Long-tailed tits are what most internet users would affectionately label “birbs.” They’re tiny, round, and cute, which fits the Audobon Society’s rigorous scientific standards for birbdom, whose existence may be the best thing about 2020.  Looking at these little round birds, most people don’t think of differential equations.

Mathematician Natasha Ellison and her colleagues at the University of Sheffield in the UK, however, recently used a set of equations called advection-diffusion equations to explain how flocks of long-tailed tits decide where to live, based on where and how they’ve encountered other flocks. It worked thanks in part to a mathematical theory developed by cryptanalyst and mathematician Alan Turing – best known for cracking the Nazis’ Enigma codes during World War II.

“In my master’s course, I studied Turing’s famous 1952 paper for my dissertation in detail and became very interested in mathematical biology,” said Ellison in an email.

In that paper, Turing used equations called reaction-diffusion equations to describe the behavior of two chemicals, which spread across a surface and reached with each other any time they met. That model helped explain how color patterns like spots and stripes form in some animals.

“If you could have placed a bet, before the Second World War, on who might have asked the question that Turing posed, you would not have expected it to come from this mathematician,” wrote biologist Phillip Ball in the Proceedings of the Royal SocietB in 2015.

Reaction-diffusion equations were around long before Turing’s day. The difference was how he used them. “The important part of his work was that he developed a mathematical theory to give the conditions under which the patterns will form,” explained Ellison in her email. “Our research uses Turing’s pattern formation theory to understand when behaviors (and their associated parameters) will produce patterns.”

After her master’s course, while teaching mathematics at a high school in Sheffield, Ellison learned about the work of Jonathan Potts, a University of Sheffield mathematician who uses math to answer questions about ecology. When Ellison learned that Potts was about to launch a project with the aptly named University of Sheffield ornithologist Ben Hatchwell, she joined the university as a PhD student to get in on the research.

In the Rivelin Valley near Sheffield, ecologists and ornithologists had noticed that each flock of long-tailed tits tends to settle into its own patch of the available habitat. At face value, that doesn’t make much sense; in most parts of the Rivelin Valley, there’s enough food to support several flocks at a time, and long-tailed tits don’t usually bother defending territory against other members of their own species.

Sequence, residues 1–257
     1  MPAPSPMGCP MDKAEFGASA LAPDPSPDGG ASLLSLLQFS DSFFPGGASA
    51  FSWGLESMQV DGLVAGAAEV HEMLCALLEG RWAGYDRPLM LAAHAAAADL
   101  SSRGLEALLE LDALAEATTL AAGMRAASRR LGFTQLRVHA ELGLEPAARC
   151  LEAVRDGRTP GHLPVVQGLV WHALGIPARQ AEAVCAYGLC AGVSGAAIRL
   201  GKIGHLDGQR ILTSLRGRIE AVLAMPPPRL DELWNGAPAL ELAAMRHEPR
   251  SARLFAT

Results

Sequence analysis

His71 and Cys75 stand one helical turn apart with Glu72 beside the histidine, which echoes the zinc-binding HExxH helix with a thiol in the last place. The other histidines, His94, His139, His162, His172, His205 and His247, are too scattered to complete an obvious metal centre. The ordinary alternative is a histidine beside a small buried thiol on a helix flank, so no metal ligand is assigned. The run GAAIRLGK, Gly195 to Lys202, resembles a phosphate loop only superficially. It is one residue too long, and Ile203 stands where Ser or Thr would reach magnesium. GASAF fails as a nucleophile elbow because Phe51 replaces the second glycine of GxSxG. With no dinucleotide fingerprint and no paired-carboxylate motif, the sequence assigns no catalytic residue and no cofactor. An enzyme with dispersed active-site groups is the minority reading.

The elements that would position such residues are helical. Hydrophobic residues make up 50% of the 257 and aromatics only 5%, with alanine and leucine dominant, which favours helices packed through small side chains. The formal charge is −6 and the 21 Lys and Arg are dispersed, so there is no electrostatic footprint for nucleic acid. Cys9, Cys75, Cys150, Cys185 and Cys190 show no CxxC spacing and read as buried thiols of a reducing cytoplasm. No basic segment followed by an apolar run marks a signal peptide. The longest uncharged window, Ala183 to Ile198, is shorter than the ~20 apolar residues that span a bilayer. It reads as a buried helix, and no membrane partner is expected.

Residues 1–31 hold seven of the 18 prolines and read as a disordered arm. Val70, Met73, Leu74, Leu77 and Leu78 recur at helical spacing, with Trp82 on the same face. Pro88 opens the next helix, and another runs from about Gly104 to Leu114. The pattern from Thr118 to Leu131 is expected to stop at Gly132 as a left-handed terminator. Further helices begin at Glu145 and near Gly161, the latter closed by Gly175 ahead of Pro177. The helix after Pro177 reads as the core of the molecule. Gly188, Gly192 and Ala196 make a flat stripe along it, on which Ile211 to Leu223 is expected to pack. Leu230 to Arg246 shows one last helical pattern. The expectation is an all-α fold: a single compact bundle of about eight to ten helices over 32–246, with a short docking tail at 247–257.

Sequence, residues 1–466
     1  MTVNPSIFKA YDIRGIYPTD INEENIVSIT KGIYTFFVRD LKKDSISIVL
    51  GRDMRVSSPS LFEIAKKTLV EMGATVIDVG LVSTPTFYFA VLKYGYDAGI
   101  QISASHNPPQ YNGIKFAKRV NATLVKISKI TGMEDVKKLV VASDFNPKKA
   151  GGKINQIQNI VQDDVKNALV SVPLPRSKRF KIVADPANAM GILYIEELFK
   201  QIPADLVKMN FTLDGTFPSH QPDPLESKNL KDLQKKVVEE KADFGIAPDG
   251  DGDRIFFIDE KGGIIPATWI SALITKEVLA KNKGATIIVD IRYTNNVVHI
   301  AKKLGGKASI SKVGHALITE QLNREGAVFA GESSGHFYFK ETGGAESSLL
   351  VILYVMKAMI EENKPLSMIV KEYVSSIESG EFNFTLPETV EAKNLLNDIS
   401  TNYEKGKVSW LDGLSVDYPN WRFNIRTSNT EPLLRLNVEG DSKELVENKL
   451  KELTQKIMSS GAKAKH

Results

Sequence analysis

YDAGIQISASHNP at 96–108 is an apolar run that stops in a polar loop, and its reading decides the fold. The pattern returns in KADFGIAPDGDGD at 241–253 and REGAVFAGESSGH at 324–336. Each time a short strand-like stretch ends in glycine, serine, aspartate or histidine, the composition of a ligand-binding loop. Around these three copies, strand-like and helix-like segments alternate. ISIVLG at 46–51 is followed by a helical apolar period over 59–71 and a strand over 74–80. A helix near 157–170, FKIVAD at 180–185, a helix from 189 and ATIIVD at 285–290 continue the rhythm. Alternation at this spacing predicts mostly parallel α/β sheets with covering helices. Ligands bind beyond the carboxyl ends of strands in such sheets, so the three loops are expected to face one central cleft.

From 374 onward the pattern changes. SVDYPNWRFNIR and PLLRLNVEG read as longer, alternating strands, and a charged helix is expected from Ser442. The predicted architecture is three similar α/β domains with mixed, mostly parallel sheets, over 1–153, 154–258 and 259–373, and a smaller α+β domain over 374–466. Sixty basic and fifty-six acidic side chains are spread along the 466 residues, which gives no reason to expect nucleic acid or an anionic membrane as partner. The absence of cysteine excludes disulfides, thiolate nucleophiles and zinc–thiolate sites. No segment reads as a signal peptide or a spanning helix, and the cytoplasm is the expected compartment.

It seemed as if the birds should all flock to the best feeding grounds in the valley, but instead they split up, and each flock occupied its own patch of land. There was a pattern in how the flocks were sorting themselves out across the landscape, but the ecologists couldn’t see what it was without crunching the numbers.

“Without the help of these mathematical models, these behaviors wouldn’t have been discovered,” said Ellison in a press release.  

Advection-diffusion equations describe how animals move around in response to their environments. For the long-tailed tits, the most important factor in their environment seemed to be memories – in particular, memories of where they had encountered other flocks and what those interactions were like.

Ellison and her colleagues came up with the idea after field ecologists Sarah Biddiscombe and Clare Napper spent several months trekking through Sheffield on foot, listening for bird calls and peering through binoculars. “We hypothesized that flocks may be avoiding each other after interacting (via sight or sound),” said Ellison in her email.

With the advection-diffusion equations, Ellison and her colleagues described how likely flocks were to avoid or occupy an area after meeting another flock there. It turned out that long-tailed tits were most likely to avoid places where they interacted with larger flocks or flocks made up of birds they weren’t related to. Flocks of relatives seemed to be more tolerable, but still created a slight tendency to avoid the area in the future.

Once Ellison and her colleagues factored in the tits’ preference for areas near the center of woodlands, “we found a home range model that fit the data well and was built up from underlying behaviors,” she said in the email. They published their results in the Journal of Animal Ecology.

It’s not the first time Turing’s pattern formation theory has helped explain how animals move around in space; previous studies have helped predict interactions between predators and prey, or the settlement patterns of very territorial animals like coyotes, meerkats, and even people. What Ellison and her colleagues did for the first time, however, was model the behavior of an animal that could technically go anywhere it wanted in the available habitat – an animal that wasn’t territorial and didn’t have a den to anchor it to a particular spot and limit its range.

“Mathematical models help us understand nature in an extraordinary amount of ways, and our study is a fantastic example of this,” said Ellison in a press release.